The allegations against Moore have been pretty damning for his reputation on Capitol Hill, and the following Republicans have parted ways with Moore:
- Vice President Mike Pence said, via his spokesperson, that Pence believes that if the allegations against Moore are true, then "this would disqualify anyone from serving in office."
- Sen. John McCain: "The allegations against Roy Moore are deeply disturbing and disqualifying. He should immediately step aside and allow the people of Alabama to elect a candidate they are proud of."
- Former Gov. of Massachusetts Mitt Romney: "Innocent until proven guilty is for criminal convictions, not elections. I believe Leigh Corfman. Her account is too serious to ignore. Moore is unfit for office and should step aside."
- Sen. Lisa Murkowski said, "I'm horrified and if this is true, he needs to step down immediately." She also said she has spoken to Luther Strange about becoming a write-in challenge, ultimately challenging Moore in the Dec. 12 election.
- Sen. Jeff Flake: "If there is any shred of truth to the allegations against Roy Moore, he should step aside immediately."
- Sen. John Cornyn, who endorsed Moore and is listed on his website, said the allegations are "deeply disturbing."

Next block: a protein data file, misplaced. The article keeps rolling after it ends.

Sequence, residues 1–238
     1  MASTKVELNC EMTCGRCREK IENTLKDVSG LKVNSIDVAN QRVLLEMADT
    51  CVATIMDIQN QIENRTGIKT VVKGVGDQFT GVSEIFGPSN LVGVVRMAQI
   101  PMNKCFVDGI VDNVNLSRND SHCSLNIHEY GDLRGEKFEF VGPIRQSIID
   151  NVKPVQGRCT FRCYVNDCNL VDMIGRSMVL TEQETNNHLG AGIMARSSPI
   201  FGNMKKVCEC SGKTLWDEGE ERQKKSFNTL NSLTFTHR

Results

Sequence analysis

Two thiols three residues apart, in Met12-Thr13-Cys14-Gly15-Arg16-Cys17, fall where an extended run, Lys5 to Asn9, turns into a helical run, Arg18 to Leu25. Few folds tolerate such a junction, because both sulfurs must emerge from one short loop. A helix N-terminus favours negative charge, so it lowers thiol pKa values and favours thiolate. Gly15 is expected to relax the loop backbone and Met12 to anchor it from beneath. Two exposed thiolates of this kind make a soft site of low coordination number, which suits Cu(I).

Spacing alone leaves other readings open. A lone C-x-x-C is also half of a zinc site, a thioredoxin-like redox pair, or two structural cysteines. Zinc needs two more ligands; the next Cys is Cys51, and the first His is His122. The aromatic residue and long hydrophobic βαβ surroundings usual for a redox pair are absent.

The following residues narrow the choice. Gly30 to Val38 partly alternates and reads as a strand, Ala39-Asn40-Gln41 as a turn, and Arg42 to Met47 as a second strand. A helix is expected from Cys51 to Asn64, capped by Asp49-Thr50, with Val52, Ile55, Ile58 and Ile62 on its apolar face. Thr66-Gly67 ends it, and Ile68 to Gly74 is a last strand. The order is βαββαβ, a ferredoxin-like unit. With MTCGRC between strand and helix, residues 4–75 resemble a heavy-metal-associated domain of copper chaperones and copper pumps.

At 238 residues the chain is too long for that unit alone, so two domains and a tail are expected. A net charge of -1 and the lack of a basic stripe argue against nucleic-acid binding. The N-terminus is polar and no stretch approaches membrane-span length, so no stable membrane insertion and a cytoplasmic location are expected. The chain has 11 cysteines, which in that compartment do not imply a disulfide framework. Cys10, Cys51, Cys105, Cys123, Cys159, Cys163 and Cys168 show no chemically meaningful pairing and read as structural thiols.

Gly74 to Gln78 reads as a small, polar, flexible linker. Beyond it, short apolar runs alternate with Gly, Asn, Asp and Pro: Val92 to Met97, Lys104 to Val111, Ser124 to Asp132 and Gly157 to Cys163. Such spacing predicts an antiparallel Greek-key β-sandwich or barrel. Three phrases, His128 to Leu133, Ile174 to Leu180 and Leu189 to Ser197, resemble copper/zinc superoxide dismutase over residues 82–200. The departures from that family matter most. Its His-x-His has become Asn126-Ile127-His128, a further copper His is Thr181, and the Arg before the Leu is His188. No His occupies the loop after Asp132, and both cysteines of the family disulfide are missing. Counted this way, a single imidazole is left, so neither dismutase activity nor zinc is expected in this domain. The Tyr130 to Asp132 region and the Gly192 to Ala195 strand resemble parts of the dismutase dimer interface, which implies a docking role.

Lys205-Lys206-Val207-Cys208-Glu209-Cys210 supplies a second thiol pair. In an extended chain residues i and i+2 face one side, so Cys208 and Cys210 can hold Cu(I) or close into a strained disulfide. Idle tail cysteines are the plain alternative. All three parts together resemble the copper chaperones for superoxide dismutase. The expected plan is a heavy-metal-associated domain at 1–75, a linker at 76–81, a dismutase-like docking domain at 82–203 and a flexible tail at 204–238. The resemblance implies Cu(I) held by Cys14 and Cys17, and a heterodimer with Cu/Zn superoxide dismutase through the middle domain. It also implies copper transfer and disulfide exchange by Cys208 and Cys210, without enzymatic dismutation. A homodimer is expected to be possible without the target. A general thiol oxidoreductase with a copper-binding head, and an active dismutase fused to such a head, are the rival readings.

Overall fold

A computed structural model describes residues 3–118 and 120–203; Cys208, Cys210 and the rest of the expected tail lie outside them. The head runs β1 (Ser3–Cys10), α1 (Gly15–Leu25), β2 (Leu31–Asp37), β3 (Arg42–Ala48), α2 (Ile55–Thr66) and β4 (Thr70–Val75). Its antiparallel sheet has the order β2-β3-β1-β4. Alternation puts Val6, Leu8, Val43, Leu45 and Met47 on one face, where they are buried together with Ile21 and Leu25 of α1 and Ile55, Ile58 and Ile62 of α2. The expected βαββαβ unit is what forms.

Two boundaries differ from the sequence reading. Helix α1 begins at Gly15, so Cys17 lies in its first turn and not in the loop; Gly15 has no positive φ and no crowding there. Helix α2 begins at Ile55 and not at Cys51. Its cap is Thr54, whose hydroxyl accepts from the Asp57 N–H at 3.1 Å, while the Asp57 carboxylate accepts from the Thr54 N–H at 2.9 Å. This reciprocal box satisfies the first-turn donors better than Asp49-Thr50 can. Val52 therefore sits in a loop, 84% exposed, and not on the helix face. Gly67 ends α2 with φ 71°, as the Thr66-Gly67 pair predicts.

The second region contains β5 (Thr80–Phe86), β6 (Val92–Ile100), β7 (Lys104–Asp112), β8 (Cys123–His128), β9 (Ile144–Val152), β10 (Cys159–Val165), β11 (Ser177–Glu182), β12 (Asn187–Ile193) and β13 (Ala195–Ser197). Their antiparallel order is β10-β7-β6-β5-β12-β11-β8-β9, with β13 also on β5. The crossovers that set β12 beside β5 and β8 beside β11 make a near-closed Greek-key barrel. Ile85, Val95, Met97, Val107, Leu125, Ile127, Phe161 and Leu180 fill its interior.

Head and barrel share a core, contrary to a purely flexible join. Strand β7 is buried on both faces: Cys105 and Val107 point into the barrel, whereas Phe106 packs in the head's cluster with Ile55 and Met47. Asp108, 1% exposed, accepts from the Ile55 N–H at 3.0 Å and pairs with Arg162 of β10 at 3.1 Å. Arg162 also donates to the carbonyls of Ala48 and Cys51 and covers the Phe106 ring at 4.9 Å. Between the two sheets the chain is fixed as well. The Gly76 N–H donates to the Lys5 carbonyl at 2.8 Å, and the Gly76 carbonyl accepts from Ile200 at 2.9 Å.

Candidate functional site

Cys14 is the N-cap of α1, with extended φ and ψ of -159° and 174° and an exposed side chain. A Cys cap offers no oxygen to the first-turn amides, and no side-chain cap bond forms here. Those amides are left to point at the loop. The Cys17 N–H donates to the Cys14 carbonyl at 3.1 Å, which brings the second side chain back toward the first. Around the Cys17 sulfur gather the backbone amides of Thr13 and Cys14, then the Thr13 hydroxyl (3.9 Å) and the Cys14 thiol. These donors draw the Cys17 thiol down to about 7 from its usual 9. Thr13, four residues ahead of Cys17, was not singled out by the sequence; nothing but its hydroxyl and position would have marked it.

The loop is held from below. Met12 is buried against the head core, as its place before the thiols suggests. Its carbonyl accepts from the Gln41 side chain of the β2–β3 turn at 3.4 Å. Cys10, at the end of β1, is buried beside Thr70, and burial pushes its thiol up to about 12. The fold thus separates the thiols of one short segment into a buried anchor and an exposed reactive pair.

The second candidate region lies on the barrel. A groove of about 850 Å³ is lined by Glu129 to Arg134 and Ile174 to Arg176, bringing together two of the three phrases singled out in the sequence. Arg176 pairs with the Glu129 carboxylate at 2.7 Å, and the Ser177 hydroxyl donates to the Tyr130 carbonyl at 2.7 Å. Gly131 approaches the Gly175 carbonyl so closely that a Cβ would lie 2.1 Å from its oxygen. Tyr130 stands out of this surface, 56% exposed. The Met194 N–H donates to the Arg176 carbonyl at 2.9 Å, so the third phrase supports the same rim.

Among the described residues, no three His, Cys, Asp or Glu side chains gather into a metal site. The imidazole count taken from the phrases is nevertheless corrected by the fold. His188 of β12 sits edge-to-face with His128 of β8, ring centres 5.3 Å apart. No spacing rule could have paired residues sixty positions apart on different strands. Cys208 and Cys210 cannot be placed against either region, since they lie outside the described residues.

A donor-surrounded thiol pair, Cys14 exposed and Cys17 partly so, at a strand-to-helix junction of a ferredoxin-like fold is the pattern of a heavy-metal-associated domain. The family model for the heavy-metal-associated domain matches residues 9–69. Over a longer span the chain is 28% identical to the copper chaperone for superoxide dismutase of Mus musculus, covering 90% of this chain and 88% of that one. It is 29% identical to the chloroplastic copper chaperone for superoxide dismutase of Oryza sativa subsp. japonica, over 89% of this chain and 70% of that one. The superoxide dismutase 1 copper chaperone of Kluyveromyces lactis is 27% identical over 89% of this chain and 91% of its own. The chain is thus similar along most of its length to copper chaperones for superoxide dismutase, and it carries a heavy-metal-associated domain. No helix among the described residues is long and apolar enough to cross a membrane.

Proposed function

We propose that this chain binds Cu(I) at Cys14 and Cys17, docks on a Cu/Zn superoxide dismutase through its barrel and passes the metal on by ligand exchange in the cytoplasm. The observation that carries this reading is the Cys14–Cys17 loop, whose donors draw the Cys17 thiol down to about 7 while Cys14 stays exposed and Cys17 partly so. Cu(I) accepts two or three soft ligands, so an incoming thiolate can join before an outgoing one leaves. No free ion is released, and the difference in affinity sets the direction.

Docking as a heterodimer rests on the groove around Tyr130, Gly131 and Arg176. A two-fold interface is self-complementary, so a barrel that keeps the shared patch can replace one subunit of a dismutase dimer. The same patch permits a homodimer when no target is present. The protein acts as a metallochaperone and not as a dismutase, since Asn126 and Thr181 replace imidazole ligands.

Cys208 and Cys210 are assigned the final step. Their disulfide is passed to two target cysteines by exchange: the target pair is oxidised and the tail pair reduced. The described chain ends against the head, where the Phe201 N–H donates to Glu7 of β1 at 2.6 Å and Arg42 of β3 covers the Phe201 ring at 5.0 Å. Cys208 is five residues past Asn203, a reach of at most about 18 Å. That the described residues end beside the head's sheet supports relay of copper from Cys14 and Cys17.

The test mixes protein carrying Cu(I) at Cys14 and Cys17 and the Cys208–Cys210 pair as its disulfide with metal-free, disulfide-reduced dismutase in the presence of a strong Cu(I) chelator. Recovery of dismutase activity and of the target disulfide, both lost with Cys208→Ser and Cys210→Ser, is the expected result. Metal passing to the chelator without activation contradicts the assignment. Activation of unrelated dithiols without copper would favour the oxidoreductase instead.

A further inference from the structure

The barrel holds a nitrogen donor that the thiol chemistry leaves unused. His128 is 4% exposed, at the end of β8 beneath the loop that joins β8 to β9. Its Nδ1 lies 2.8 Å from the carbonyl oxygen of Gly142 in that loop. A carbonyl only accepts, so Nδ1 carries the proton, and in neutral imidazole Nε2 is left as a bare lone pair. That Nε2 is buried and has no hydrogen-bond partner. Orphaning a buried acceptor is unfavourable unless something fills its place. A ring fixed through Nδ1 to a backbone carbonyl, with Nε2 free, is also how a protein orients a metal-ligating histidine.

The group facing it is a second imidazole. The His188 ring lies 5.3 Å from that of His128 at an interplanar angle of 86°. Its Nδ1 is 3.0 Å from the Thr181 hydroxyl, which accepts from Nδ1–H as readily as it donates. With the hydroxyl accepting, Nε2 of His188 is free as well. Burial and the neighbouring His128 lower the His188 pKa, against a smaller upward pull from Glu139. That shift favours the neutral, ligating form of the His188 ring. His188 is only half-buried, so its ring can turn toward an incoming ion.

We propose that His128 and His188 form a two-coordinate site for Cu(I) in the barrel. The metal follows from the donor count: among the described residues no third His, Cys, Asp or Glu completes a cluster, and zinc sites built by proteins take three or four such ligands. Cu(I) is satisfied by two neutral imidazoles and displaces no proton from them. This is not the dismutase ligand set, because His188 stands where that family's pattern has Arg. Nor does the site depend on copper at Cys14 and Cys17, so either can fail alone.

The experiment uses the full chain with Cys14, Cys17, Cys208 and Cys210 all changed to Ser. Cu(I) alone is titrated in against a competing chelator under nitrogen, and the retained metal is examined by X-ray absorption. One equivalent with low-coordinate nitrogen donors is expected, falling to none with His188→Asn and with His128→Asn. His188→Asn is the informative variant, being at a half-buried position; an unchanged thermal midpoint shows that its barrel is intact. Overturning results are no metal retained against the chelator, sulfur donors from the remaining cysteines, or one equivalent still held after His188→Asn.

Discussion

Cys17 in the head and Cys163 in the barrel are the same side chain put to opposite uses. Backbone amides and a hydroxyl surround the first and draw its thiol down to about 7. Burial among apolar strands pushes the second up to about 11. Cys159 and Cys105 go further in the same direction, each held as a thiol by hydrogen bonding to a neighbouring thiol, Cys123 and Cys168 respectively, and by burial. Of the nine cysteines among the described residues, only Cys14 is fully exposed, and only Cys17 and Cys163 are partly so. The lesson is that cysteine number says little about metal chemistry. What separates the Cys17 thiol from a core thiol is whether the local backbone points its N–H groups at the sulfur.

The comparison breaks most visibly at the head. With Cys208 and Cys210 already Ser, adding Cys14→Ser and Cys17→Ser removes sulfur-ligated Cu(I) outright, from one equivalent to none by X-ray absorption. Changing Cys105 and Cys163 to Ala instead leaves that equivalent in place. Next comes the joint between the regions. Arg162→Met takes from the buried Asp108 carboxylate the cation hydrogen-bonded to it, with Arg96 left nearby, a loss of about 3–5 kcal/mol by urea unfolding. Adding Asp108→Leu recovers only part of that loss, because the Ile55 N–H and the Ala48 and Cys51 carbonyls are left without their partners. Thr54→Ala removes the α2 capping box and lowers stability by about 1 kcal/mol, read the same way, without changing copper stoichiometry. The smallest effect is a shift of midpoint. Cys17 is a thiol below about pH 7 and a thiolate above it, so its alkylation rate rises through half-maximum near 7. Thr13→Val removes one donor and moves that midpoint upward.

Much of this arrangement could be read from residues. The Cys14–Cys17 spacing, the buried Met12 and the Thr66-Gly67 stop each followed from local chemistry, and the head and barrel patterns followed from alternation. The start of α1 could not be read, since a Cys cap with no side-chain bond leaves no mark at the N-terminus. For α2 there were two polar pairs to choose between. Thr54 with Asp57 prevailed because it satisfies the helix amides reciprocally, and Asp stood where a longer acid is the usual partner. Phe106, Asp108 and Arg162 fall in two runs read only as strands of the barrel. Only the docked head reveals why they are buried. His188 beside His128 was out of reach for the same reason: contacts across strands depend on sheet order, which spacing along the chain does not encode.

- Sen. David Perdue called the allegations "devastating" and said Moore should withdraw if they're true.
- Sen. Pat Toomey: "If there's a shred of truth to it, then he need to step aside."
- Sen. Richard Shelby: "If that's true, then he wouldn't belong in the Senate."
Senators Ted Cruz and John Cornyn were both on board for Moore, but they bailed Monday, calling for Moore to resign. In a Tuesday testimony before congress, Attorney General Jeff Sessions said he has no reason to doubt the women's claims. In addition, the National Republican Senatorial Committee — which supports Republican Senate candidates -- has pulled their support for the Alabaman and on Wednesday they published their official poll. It showed Roy Moore trailing the Democrat by 12 points.